Much has been written about the new slaughter plants in Iowa and Michigan that are expected to begin slaughtering pigs within 1-2 months. Of concern to producers is the large increase in the kept for market inventory in the June 1 USDA report associated with the start of these plants. Any mis-step in the start-up chain of events will push a lot of pigs to current slaughter locations which has the potential to rapidly drive prices down.
In addition to slaughter numbers, I also keep an eye on slaughter weight as the total pork supply is a combination of weight per head and number of pigs. The most commonly quoted weight series is the NW_LS720 report released every Wednesday morning. This report is the estimated average weight of barrows and gilts for the previous week in Iowa, Southern Minnesota and South Dakota region.
For the week ending on July 15, this report included 740,000 pigs with an average liveweight of 276.8. This report is ‘estimated’ in part because at least one major slaughter plant in the region does not weight live pigs – they weigh every carcass and use an ‘average’ yield to back calculate liveweight.
The report also does not capture the pigs sold to many other slaughter plants in the US. That is why I compute a weekly weighted barrow and gilt carcass weight from the LM_HG201 prior day slaughter report. This report includes all of the federally inspected slaughter plants in the US that slaughter over a threshold number of pigs in a year – I think the number is 300,000 head but don’t hold me to this number as being absolutely correct.
The importance of using this number is that the report is carcass weight for barrows and gilts so it does not include carcass yield ‘estimates’ in it’s value. In addition, it also captures data from such plants as the Smithfield plants in Los Angles and North Carolina, the Seaboard plant in Guyman, the Triumph plant in St Joseph, the plants in Illinois, Indiana, etc.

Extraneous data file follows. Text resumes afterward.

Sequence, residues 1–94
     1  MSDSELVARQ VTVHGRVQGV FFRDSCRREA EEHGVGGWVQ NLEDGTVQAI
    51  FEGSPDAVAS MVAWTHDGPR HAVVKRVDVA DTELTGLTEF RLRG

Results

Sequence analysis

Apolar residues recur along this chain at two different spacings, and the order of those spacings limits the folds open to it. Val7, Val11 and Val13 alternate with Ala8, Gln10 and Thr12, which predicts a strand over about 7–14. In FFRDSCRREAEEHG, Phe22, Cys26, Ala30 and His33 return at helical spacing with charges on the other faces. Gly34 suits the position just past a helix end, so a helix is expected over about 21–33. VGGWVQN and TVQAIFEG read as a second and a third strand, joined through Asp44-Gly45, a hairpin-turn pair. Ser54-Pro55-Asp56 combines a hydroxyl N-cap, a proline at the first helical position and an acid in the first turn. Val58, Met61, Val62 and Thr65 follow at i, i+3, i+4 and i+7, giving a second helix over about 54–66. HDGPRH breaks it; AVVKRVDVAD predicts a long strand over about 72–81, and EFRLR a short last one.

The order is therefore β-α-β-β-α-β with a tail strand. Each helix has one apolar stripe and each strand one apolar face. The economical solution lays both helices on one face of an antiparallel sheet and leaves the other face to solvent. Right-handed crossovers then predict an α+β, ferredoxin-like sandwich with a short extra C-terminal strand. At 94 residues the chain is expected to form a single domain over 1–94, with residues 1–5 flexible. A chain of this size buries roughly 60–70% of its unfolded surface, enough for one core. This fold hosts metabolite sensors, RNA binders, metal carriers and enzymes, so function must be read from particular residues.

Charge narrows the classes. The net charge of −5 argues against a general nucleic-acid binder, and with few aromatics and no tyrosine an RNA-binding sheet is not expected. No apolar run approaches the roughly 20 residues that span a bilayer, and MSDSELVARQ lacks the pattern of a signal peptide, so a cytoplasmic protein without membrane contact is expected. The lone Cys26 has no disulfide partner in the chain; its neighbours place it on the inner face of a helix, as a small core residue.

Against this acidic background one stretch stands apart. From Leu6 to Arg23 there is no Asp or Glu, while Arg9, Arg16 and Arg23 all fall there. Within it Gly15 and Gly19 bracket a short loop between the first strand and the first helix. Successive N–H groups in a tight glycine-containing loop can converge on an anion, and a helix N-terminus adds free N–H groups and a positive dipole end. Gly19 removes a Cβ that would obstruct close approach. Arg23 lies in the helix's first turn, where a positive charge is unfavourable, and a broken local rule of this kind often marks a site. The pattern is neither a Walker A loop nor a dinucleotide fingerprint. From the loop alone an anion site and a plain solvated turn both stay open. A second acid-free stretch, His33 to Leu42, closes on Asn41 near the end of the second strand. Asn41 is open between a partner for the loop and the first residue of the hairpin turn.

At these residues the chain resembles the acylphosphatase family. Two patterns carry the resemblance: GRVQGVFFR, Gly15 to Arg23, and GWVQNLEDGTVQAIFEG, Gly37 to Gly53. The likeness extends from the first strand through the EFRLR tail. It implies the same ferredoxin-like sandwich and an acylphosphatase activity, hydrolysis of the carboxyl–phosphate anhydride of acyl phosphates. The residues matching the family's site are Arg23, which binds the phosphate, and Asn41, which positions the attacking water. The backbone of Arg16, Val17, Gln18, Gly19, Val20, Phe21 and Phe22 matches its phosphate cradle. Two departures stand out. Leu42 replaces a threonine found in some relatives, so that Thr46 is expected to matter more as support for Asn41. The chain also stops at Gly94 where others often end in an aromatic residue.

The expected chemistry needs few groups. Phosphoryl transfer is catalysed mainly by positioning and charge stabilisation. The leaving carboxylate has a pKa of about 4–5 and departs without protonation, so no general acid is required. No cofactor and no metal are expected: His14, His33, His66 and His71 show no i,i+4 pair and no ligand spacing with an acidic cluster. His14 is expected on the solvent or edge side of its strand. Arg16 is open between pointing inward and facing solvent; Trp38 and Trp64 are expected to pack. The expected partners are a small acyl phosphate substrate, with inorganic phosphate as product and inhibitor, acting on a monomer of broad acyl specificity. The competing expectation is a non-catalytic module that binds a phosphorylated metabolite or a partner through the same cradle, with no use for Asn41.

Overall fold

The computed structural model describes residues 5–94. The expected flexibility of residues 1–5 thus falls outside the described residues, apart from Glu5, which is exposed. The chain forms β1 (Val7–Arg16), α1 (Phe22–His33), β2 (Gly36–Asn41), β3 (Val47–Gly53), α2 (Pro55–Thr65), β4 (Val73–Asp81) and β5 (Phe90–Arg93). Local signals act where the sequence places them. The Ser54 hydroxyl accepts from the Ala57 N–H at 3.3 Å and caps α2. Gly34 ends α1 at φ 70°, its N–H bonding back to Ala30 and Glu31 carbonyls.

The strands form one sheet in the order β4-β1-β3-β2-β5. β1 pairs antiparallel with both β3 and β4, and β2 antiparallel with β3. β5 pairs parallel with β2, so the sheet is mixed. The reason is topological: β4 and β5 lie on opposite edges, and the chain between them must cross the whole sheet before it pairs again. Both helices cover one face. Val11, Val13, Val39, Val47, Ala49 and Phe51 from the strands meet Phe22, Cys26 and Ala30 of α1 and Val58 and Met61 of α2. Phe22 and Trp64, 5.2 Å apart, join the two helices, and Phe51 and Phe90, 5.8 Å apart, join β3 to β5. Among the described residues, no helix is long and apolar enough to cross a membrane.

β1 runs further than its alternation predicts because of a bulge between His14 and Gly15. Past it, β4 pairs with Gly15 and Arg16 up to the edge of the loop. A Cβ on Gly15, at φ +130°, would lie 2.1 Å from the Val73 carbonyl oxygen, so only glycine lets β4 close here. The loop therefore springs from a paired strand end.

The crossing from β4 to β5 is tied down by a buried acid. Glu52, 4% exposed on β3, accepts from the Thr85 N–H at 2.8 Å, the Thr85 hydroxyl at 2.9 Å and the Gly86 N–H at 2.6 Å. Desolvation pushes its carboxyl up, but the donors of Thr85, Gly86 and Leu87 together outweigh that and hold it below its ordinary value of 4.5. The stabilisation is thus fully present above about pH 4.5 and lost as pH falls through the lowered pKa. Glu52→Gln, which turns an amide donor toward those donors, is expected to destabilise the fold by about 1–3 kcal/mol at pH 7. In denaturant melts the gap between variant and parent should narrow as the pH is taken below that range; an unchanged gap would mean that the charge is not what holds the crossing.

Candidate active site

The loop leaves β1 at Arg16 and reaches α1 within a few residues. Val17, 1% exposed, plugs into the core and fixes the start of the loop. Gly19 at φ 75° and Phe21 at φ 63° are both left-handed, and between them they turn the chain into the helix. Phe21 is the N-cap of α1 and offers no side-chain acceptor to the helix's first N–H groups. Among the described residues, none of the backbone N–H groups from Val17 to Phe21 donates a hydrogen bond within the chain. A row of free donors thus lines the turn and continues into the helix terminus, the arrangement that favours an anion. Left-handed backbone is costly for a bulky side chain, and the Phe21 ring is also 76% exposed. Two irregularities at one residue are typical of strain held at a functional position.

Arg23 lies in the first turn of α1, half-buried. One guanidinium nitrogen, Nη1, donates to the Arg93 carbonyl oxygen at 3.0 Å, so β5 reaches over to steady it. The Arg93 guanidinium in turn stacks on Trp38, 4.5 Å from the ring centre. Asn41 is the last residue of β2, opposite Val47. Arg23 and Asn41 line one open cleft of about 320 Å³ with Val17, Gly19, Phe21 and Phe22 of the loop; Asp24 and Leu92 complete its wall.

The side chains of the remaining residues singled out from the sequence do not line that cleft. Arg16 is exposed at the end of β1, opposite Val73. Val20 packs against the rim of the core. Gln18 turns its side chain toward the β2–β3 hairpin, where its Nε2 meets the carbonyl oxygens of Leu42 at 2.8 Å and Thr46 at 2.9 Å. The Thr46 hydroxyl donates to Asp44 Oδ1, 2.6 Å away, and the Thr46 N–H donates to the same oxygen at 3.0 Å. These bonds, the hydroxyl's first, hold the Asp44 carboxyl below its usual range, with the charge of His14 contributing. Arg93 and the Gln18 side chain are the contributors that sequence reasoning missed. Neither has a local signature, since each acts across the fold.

Regardless of which data set you choose to use, slaughter (or carcass) weights always decline in summer months because of the impact of heat and often times because of increased pig numbers in facilities. Pig numbers always increase in summer months because of the seasonal impacts on reproduction that the industry hasn’t been able to fully overcome as yet.
The Iowa/SMinn/SDak series reported an average liveweight of 276.8 lb for last weeks sales. This is lighter than the weight on the same week for the past 3 years, but still 4.8 lb above the average weight in 2013.
My data series from the LM_HG201 report began in 2014 so I can’t make the similar comparison to 2013. However, barrow and gilt carcass weights last week averaged 207.7. This compares to 209.2 lb carcasses last year for the same week.
How much of the year to year decline in weights is due to less ractopamine being fed and how much is due to producers aggressively keeping current on sales in light of the very good prices currently being offered is impossible to tell from these data series. However, as we move into fall months, with the ‘wall’ of pigs coming at us keeping slaughter weights down will help in the event of a slow start to the new slaughter plants.